Reverse the fourth dimension to 1998. A masterly motif of a caravan of industries is spinning at great speed on the same spot: Tema, Industrial town, first cousin of Accra. Drastically dissimilar to any other Ghanaian commonwealth for its considerately-named streets; numbered homes; well-laid, clean and snazzy streets; small, engaging buildings; first-rate factories and swift-coming traffic.
The twenty-something-kilometre motorway, unfurled long ago, seemed a lonely, eternal cross. It was surrounded by vast, virtuous flatlands teeming with spry swamps, wholesome woods and motley hues of tall savannah grass.
In 2008, the virgin is gone out of the land between Accra and Tema. The formerly detached first cousins are now hideously holding hands on either side of motorway. A monstrous megapolis has stealthily sprawled its sinewy tentacles from Accra to Tema. The woods are ruefully replaced by sorry sprinklings of shrubs on tiny tracts of un-reclaimed swampland.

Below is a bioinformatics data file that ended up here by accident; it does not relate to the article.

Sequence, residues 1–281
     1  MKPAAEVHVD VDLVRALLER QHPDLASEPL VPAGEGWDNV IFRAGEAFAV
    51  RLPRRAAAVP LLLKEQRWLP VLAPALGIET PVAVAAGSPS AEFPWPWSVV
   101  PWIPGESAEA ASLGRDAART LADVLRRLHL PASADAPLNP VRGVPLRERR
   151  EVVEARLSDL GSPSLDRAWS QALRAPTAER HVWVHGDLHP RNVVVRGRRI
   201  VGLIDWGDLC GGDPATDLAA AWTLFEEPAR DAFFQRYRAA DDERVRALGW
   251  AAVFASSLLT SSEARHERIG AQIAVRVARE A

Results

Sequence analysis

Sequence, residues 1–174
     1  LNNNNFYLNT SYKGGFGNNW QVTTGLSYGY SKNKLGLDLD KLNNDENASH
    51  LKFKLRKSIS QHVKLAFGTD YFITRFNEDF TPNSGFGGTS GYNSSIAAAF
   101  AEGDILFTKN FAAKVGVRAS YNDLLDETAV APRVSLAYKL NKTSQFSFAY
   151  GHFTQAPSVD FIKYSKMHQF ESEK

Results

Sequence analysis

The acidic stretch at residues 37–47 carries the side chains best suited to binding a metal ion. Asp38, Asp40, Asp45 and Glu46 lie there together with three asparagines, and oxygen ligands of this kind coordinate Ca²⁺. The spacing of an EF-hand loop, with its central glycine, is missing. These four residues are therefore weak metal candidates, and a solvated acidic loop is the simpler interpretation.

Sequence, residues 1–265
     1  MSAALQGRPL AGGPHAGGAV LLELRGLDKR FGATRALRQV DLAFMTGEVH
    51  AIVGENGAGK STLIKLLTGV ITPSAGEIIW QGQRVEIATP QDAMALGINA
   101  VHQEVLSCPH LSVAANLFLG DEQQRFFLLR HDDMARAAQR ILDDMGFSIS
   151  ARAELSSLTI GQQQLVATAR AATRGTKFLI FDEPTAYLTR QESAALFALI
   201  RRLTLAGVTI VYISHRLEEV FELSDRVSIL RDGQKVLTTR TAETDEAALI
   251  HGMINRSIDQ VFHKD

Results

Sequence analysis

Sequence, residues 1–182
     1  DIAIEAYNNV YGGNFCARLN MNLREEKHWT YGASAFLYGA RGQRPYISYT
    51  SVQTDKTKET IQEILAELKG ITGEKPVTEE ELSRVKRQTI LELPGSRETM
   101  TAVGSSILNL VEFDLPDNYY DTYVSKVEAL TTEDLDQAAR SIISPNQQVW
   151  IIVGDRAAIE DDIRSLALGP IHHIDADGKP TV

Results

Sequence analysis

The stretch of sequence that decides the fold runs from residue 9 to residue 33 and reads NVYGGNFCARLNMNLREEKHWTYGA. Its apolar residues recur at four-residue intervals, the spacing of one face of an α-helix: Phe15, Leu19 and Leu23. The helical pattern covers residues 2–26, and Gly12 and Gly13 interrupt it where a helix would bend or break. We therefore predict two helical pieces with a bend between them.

Unsightly blotches of massive houses, tiny houses and whole recumbent estates have sprouted on the diced land. Totally ugly buildings they are, not for the architects’ philistine flair (for the schematics are quite scenic) but what is a trophy tattoo of a black widow spider doing on the face of a beauty queen? Her looks are now limp, as is the dainty art.